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Mississippi Fresh Fruit and Vegetable Program

Print Version [pdf 82K]

Public Health Problem

Overweight and consumption of unhealthy foods are problems among youth in Mississippi. Greater consumption of fruits and vegetables is associated with a decreased risk for chronic disease. In 2007

  • 18% of high school students in Mississippi were obese.
  • Less than 1 of 5 (19%) high school students in Mississippi ate fruits and vegetables 5 or more times a day.

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Initiative Description

To address overweight and unhealthy eating, the Mississippi Department of Education selected 25 schools throughout Mississippi to serve as program sites for fruit and vegetable distribution free of charge. The primary goals of the program were to

  • Increase students’ consumption of fruits and vegetables.
  • Help educate students about the importance of good nutrition.

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Evaluation

The evaluation of the Fresh Fruit and Vegetable Pilot Program measured

  • Changes in the variety of fruits and vegetables students ate during the school year.
  • Changes in students’ attitudes toward fruits and vegetables during the school year.
  • Changes in students’ degree of preference for fruits and vegetables during the school year.
  • The extent to which students’ consumption of fruits and vegetables changed.

The evaluation involved 725 students in grades 5, 8, and 10 from 5 of the 25 schools that participated in the Fresh Fruit and Vegetable Pilot program in the 2004–2005 school year.

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Findings

As compared with the beginning of the school year

  • Students’ familiarity with fruits and vegetables increased across all grade levels.
  • Eighth-grade students reported more positive attitudes toward eating fruits and vegetables, beliefs that they could eat more fruit, and willingness to try new fruits.
  • Preferences for fruit increased among 8th- and 10th-grade students.
  • Intentions to eat fruit increased among 10th-grade students.
  • Eighth- and 10th-grade students’ consumption of fruit in school increased.
  • Eighth- and 10th-grade students’ intake of vitamin C increased in and out of school, and intake of dietary fiber increased in school.

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Implications

This program may have helped to increase student exposure to fruits and vegetables across all grade levels. It also may have had effects on 8th- and 10th-grade students’ attitudes, preferences for, and intentions to eat fruit. It appears to have helped increase 8th- and 10th-grade students’ consumption of fruit during the school year.

This was a popular program that appears to have increased awareness of the importance of consuming fruits and vegetables among students, parents, and school staff and administrators. Such a program may be a useful part of school-based initiatives to improve students’ nutritional choices.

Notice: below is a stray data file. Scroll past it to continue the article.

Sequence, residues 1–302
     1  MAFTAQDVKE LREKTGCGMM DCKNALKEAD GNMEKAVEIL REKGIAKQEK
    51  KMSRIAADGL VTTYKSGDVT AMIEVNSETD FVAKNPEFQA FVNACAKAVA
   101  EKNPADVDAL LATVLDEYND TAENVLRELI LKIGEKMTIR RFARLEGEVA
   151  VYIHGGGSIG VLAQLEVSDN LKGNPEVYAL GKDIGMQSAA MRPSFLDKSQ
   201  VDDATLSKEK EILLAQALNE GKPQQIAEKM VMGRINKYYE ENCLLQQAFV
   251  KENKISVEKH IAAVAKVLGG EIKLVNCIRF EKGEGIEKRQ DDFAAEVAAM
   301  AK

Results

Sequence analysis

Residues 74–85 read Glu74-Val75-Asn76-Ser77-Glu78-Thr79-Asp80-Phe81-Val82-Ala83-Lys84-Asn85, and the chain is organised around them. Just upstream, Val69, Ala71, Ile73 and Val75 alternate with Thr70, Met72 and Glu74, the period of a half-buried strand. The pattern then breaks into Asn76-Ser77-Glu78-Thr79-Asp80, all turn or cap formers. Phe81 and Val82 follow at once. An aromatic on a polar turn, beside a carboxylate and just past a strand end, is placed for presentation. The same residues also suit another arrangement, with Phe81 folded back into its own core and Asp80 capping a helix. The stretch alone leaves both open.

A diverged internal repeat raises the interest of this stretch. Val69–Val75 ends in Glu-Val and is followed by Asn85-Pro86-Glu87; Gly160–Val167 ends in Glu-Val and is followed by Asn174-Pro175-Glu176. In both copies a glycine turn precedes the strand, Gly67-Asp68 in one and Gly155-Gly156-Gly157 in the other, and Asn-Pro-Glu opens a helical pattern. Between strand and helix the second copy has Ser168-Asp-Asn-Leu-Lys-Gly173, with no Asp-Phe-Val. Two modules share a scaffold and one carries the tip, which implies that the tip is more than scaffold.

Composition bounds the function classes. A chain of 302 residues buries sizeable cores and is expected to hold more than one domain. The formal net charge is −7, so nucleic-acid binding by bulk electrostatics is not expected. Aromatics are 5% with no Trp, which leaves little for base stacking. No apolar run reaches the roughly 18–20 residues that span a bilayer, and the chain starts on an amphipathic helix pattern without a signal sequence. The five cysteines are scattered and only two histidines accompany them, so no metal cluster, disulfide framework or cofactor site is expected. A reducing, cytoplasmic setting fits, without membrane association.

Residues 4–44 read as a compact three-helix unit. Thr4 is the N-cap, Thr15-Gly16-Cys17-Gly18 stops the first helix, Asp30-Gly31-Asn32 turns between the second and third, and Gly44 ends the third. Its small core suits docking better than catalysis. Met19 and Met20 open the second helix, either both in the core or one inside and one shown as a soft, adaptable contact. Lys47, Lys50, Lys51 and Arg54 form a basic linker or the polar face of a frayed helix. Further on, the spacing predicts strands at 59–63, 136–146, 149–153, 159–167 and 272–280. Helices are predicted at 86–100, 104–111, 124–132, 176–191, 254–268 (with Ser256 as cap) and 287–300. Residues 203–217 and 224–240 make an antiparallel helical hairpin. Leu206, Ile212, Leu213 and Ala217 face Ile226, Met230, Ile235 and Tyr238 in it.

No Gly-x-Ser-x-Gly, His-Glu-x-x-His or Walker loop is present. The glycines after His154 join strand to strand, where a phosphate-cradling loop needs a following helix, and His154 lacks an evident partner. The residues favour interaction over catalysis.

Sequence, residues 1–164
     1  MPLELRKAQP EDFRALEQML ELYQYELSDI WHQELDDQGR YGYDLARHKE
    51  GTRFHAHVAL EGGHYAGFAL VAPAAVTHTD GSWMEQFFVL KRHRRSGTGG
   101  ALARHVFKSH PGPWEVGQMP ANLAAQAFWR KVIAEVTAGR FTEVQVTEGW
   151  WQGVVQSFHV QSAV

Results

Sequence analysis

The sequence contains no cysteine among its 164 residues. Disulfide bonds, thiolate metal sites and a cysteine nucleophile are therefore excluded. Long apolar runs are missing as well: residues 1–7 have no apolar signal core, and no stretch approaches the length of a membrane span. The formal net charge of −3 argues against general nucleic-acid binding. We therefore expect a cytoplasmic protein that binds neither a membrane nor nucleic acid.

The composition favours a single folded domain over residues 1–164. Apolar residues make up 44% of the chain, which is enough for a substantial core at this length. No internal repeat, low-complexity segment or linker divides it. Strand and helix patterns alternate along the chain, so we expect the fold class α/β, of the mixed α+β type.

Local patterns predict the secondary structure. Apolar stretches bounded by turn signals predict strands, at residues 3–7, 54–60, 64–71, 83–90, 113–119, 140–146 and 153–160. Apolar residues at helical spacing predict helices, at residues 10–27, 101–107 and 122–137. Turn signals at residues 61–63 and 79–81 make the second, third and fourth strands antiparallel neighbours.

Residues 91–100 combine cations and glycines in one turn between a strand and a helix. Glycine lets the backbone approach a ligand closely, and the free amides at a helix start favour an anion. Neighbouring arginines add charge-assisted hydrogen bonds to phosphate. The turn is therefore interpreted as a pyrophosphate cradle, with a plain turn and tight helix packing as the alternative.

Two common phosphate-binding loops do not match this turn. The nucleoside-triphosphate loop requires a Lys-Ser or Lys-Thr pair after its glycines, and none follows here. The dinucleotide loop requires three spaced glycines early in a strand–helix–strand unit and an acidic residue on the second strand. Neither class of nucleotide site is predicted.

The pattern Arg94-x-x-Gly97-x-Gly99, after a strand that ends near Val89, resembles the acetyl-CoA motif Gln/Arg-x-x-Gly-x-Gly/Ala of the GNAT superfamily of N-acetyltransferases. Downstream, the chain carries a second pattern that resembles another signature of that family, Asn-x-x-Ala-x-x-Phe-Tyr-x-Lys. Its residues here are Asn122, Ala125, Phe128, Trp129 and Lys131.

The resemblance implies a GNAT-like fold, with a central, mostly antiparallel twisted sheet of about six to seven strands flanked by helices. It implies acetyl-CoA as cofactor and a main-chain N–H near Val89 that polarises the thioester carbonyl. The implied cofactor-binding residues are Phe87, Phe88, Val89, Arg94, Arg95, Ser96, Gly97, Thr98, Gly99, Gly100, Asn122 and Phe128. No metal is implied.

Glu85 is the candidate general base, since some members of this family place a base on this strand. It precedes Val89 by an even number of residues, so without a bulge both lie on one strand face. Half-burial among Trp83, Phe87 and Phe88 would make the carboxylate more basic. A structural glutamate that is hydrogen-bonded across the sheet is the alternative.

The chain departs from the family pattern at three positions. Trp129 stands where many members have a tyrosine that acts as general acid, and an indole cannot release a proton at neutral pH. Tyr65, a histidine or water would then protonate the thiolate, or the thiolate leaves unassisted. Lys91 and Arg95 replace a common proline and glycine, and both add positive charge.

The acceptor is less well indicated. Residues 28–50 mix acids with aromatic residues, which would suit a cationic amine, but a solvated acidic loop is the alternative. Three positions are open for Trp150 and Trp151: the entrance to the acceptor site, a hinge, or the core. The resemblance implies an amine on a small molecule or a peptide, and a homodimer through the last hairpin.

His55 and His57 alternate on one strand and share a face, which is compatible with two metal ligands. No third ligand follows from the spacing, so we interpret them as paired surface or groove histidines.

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Sample Tools and Instruments

This section contains selected data collection tools and instruments that were used in this project. These sample instruments are posted as examples to guide development of instruments for other projects, but are not intended to be used in their current form, as they have been tailored to address specific evaluation questions of interest to the Mississippi Department of Education.

Student Questionnaire [doc 0.9M]
Questionnaire to assess students in 5th, 8th, and 12th grade for consumption of fruits and vegetables—including intentions; self-efficacy; outcome expectations; exposure and preferences; willingness to try new foods; consumption frequency; parent/peer fruit and vegetable eating behavior; and participation in and satisfaction with the fresh fruit and vegetable program.

Interview Protocols
Guides used for 15- to 30-minute interviews with key school and district staff regarding the fruit and vegetable program.

Monthly Site-Coordinator Log [doc 110K]
Log that describes implementation of the fruit and vegetable program in the previous month; documents data collection for grade levels served, fruit and vegetable suppliers, fruit and vegetable distribution methods, nutrition-related promotion and education, parent and community involvement, and program successes and challenges.

Focus Group Guides
Guides for 45-minute focus groups with students and parents regarding the fruit and vegetable program.

  • Student Focus Group [doc 77K]
    Guide for discussion on students’ impressions of the fruit and vegetable program, including fruits and vegetables that were liked and disliked, distribution methods, perceived impact, related educational activities, and suggested changes.
     
  • Parent Focus Group [doc 73K]
    Guide for discussion on parents’ impressions of the fruit and vegetable program, including fruits and vegetables that students liked and disliked, impact of the program on children’s eating habits, related educational activities, and suggested changes.
     

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For More Information

Additional information about this applied evaluation, including the full evaluation report, is available from the Mississippi Department of Education. Related publications are listed on the Journal Articles page.

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